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The Four Rules of Currency Intervention

With the US Dollar Index taking out an all time low previously set in 1992, I thought I would take this moment to discuss my thoughts about where the dollar is going, and what we might see along the way. If the dollar gets much lower against the major currencies of our world, I would expect to see some currency intervention to try to raise the value of the US dollar.

There are rules to effective currency interventions. There may be more than four, but here are the four that I know.

  1. Do the intervention on a day when the economic releases favor a stronger US Dollar.
  2. Do the intervention when traders are overconfident, and pressing their bearish dollar bets too aggressively. Catch them leaning the wrong way.
  3. Don’t do it alone. You will fail. You must get the central banks of most of your major trading partners to go along to create an impression of unanimity.
  4. Do it BIG. This is not a time to hold back; either do it BIG, or don’t do it at all. You want the currency traders to wish they had never taken up the profession.

You want to have at least three of these in play for an effective intervention. You want to create a genuine panic that feeds on itself, leading everyone to readjust their positions on the US Dollar, pushing it up, and winning the psychological battle against a lower US Dollar.

Easy, right? Well, no. In the short run, interventions work if done properly. They don’t solve the macroeconomic problems underlying the weak Dollar, though, and so toward the end of the shock move upward in the Dollar, I would be inclined to buy more foreign bond exposure. Why?

During the intervention, the participating central banks suck in US Dollars, and pump out their local currencies. In the case of the Fed, they sell foreign currencies and buy US Dollars. Most of these central banks have all of the US Dollar assets that they want already, and they understand the fundamental situation regarding the US Dollar. So, like OPEC in their ineffective days, where they would announce production cuts, and then everyone cheats, in this case, the Central Banks do the intervention, but then quietly recycle the US Dollar assets that they never really wanted to hold.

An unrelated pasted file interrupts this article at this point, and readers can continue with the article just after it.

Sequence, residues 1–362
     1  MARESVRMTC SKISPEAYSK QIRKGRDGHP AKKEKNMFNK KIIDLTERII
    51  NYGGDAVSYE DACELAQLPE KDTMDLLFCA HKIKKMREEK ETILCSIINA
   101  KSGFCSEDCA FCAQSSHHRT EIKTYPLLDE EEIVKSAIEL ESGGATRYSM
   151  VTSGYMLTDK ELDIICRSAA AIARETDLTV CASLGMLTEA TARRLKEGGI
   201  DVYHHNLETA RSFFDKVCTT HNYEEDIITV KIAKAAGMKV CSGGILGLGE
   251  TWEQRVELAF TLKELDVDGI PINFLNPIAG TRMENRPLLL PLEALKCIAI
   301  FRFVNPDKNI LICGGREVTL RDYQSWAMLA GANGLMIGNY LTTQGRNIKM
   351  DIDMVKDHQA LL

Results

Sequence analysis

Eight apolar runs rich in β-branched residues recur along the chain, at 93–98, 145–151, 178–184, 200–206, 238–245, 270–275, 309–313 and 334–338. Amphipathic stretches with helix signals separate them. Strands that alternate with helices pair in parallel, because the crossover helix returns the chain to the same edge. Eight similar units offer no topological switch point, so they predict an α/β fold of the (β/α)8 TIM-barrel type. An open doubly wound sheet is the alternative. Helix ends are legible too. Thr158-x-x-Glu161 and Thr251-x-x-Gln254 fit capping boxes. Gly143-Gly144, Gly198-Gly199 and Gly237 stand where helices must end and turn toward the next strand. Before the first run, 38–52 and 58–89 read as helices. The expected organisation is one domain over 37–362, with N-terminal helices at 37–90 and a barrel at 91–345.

That leads to a slow retest of the levels that the intervention happened at, and eventually, breaking through the level, at which point, the Central Banks can try again, or give up.  Eventually the response is a “give up,” after which, the US Dollar slowly overshoots and then finds a new temporary equilibrium level, and the rest of the world adjusts to it.

I’m leaving out a lot here.  The internal political pressures to keep the Dollar from falling.  The effects on export industries.  The slowly growing willingness to buy US Goods and services.  Rising interest rates in the US.  Rising inflation abroad.  And more.

The investment implication is this, though.  Until an intervention happens, the path of the US Dollar is down.  After it happens, the path of the US Dollar is down, until a new equilibrium is found.  Economies are bigger than governments, and in the long run, governments can’t affect exchange rates.